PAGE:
>>>Authors = [Medhamsh, firstname.lastname@example.org](Mail suggestions, typos please)
Type 'python' at your shell and that should take you to the screen like this:
medhamsh@myhost:~$python Python 2.7.2 (default, Jun 12 2011, 03:11:18) [GCC 4.6.0 20110603 (prerelease)] on linux2 Type "help", "copyright", "credits" or "license" for more information. >>>
That ">>>" is called a “prompt”, which means it’s something the computer displays to tell you it’s ready for your instructions. You can type things into that window, and the computer will obey them.
What if we want to find out the sum of two and three?
Try the following at your python shell!
>>> Tell me the sum of two and three
Unfortunately the computer does not understand english! And we have to talk to it in special language. That special language here being python, fortunately is pretty easy for humans as well!!!
So, try it out like this: Type 2+3 and hit enter.
>>> 2+3 5 >>>
As python is an interpreted programming language, you will have the results as you just hit on enter. Try various mathematical calculations.
Try using python as your pocket calculator!
Now try this. 1+2*3-4
>>> 1+2*3-4 3 >>>
Is that what you expected? If you expected 5, try getting the output. You can use all sorts of paranthesis.
>>> (3+4)*(4+7) 77 >>>
Incidentally, if you’re still confused about the fact that 1+2*3-4 gives 3 and not 5, the reason is that “multiplication happens before addition”. Your maths teacher at school probably calls this BODMAS or something similar.
Now, try this. 8/6
>>> 8/6 1 >>>
Did you expect it to be 1.3333333? Then you should try it like this: 8.0/6.0
>>> 8.0/6.0 1.3333333333333333 >>>
Did you see the magical output?
This is how python treats numbers and how mathematical operations are performed.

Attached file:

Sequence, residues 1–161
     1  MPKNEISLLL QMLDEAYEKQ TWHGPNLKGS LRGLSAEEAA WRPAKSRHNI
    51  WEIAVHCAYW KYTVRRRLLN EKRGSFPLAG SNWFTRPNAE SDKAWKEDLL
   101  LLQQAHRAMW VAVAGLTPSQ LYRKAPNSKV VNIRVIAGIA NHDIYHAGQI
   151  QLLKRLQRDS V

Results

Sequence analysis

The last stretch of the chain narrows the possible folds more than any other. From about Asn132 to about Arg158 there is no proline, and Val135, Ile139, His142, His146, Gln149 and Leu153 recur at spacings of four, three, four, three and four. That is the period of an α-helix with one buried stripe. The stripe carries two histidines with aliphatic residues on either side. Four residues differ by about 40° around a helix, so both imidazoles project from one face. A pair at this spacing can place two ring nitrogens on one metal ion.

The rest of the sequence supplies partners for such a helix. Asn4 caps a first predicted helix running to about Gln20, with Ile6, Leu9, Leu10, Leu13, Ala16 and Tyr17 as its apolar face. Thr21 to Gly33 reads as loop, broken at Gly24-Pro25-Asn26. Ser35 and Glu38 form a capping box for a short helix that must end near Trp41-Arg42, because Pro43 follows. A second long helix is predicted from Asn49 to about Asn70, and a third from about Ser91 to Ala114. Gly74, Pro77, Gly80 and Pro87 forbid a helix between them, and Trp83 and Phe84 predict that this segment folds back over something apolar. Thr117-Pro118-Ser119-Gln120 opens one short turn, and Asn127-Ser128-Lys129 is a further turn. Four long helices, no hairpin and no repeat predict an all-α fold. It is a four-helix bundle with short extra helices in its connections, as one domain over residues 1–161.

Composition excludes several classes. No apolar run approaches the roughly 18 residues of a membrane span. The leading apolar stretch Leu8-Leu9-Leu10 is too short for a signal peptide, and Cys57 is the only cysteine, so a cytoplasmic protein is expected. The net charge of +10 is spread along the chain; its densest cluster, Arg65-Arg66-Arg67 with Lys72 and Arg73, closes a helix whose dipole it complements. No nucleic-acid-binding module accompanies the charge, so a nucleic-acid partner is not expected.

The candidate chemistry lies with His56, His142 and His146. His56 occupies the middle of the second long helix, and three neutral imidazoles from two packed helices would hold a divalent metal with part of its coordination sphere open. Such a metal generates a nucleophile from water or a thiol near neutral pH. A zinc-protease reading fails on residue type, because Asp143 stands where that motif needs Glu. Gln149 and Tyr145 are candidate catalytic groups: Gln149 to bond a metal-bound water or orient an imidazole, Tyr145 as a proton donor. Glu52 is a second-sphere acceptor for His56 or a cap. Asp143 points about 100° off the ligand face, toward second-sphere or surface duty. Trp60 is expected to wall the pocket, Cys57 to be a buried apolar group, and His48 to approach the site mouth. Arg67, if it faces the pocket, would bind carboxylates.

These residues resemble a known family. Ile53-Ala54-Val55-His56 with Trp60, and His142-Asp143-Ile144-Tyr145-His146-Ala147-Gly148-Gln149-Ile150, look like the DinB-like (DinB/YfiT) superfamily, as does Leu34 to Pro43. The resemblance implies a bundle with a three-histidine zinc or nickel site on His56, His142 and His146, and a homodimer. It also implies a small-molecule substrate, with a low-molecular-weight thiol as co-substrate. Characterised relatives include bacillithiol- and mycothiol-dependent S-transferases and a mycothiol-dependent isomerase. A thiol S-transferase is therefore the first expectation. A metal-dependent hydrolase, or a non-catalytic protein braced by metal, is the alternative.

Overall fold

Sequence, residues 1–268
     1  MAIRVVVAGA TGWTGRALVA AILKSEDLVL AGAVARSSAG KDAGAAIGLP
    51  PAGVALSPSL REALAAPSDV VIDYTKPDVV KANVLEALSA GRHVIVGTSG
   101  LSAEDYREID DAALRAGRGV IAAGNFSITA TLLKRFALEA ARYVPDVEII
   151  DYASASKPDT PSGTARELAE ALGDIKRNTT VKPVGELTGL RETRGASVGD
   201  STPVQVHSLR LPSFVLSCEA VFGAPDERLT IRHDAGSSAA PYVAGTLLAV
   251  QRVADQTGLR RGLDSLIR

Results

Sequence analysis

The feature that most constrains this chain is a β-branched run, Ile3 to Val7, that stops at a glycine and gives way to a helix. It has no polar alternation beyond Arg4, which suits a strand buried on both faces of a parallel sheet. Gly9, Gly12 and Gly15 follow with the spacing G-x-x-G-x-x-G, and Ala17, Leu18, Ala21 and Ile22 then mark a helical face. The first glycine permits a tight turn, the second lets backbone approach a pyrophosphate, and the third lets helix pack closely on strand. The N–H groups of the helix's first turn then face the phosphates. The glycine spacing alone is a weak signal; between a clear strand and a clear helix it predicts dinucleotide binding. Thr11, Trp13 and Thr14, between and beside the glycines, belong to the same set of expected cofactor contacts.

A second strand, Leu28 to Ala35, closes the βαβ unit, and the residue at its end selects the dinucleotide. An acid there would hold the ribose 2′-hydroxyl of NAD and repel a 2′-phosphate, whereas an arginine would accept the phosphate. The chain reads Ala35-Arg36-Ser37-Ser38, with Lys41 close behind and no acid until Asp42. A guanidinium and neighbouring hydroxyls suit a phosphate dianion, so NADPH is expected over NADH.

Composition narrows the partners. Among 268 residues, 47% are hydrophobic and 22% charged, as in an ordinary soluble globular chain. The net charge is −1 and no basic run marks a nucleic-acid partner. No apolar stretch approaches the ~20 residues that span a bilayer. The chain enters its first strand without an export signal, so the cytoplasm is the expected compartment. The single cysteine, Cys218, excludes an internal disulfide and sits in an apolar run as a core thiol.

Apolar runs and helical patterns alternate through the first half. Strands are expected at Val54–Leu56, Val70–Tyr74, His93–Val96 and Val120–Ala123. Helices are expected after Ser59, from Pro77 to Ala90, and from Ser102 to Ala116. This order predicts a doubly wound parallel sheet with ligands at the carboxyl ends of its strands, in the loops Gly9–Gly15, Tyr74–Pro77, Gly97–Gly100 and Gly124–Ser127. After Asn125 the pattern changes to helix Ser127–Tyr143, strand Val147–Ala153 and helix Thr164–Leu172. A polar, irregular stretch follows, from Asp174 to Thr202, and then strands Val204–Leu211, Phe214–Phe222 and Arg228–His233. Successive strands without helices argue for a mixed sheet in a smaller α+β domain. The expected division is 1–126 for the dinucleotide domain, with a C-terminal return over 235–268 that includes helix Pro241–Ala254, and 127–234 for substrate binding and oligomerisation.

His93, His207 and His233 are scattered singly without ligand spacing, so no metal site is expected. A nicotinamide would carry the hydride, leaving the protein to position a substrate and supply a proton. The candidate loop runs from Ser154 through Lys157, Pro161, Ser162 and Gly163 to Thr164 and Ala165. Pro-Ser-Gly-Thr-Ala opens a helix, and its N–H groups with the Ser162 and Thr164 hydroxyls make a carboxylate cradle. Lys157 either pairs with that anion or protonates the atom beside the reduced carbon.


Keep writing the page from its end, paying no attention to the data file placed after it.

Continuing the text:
Don’t be afraid to experiment. Whenever you learn something new that you can do with Python, try making slight changes (or bigger changes!) and play around until you’re confident that you understand just what’s going on. Don’t limit yourself to what’s actually printed here.
Till now we have played with python as your pocket calculator. Apart from that python can handle many things.
For Instance: Lets consider the hello world program.
>>> 'hello, ' + 'world' 'hello, world' >>>
Things between quotation marks are called “strings”. As you might guess from the lines above, you can apply + to strings as well as to numbers. It “concatenates” strings; that is, puts one immediately after the other.
Try this: 3 * 'hella '
>>>3*'hella ' 'hella hella hella ' >>>
You can surround strings in either single quotes or double quotes; Python doesn’t mind.
>>>'Doll' + "ar" Dollar >>>
Why would this(' , “) all matter?? Try printing: I'm Sorry!
Giving names to things!
Suppose you know that you’re going to need to do a lot of calculations involving the number 123456. (Maybe it’s your annual salary in pounds, or something.) You could just type the number in every time:
>>> 123456*3 370368 >>> 123456/6 20576 >>> 123456-1000 122456